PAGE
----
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Two Drawings from The Fraser Album
William Fraser (1783-1835) was employed in the East India Company from his arrival in Bengal in 1799, until his assassination in Delhi in 1835. His brother James Baillie Fraser (1783-1856), an amateur artist and author, joined him in India in 1814. Between 1815 and 1820 the brothers commissioned a collection of watercolours. This group of over ninety drawings by Indian artists, discovered amongst the Fraser Papers in 1979, is arguably one of the finest groups of Company School pictures yet known.
The Fraser Album drawings are amongst the earliest of Company School works. The names of the artists are not known, but the collection represents the diverse range of people to be seen in Delhi and its environs and includes portraits of the Emperor, his courtiers, dancing girls, musicians, Afghan horse-dealers, ascetics and villagers bringing in their rent. Local costumes, customs, architecture and scenery, are recorded in exquisite detail. The brothers also commissioned works while travelling through the Himalayas on their return from the Nepal War (1814-15).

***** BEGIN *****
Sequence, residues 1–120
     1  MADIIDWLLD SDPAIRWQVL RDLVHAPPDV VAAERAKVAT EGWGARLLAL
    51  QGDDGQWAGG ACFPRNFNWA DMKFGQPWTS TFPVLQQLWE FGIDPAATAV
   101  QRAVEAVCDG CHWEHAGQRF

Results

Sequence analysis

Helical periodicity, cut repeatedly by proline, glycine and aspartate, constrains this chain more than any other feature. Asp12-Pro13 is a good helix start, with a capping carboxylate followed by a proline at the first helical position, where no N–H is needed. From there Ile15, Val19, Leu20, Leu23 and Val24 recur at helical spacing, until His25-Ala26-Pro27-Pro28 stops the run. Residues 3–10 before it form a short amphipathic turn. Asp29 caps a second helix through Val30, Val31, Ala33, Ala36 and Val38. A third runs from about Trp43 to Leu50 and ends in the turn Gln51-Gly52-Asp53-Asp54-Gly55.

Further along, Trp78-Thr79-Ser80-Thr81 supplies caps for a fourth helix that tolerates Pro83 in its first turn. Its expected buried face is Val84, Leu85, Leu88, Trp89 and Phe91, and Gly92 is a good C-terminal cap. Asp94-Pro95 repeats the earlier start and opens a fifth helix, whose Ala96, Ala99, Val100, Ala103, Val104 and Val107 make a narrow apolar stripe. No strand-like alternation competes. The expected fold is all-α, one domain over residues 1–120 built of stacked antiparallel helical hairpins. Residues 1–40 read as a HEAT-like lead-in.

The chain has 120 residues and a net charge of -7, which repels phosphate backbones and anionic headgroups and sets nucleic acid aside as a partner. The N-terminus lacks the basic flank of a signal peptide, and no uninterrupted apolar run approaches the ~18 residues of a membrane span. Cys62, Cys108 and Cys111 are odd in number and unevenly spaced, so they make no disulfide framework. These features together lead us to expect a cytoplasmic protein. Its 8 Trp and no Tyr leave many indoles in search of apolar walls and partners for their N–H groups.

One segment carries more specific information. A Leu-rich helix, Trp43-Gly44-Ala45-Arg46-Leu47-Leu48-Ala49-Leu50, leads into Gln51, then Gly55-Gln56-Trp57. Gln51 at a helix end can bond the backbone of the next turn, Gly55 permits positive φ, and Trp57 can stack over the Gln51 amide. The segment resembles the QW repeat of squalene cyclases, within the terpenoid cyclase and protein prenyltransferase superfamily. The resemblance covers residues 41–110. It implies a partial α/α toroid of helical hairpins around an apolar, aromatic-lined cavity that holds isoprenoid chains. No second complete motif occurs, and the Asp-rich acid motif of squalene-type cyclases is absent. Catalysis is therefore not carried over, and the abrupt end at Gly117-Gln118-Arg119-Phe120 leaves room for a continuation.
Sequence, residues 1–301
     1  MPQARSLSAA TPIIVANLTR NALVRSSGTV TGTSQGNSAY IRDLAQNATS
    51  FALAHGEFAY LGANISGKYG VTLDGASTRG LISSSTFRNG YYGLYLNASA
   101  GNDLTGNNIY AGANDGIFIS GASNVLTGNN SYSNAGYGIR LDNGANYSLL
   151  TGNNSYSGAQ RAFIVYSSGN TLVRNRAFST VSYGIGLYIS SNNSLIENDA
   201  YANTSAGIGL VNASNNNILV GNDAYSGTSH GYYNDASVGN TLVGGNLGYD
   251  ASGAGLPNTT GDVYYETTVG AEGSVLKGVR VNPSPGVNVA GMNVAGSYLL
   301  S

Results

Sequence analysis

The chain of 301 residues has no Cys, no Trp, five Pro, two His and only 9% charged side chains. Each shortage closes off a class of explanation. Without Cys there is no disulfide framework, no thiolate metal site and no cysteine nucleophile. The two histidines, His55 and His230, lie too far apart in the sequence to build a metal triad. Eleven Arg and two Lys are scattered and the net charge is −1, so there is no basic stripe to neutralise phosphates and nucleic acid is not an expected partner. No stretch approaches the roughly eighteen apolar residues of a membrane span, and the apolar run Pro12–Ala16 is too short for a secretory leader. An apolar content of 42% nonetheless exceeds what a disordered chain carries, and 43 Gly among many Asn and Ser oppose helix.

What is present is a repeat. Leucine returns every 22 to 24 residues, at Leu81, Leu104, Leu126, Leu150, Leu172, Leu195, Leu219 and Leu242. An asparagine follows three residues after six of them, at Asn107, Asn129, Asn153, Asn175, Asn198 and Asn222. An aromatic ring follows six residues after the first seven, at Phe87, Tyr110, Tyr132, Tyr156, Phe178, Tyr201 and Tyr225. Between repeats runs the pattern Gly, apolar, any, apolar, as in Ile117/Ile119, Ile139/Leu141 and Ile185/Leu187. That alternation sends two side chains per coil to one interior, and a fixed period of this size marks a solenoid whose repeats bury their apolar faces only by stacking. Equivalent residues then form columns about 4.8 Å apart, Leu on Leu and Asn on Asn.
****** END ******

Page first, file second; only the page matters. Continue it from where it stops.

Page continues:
These drawings have 'not only made a great contribution to knowledge of the work of Indian artists in early nineteenth-century Delhi, but provide an unsurpassed record of life in and around the old Mughal capital before chaos and the new British administration brought that rich culture to an end' (M. Archer and T. Falk, India Revealed The Art and Adventures of James and William Fraser 1801-1835, London, 1989, p. 57).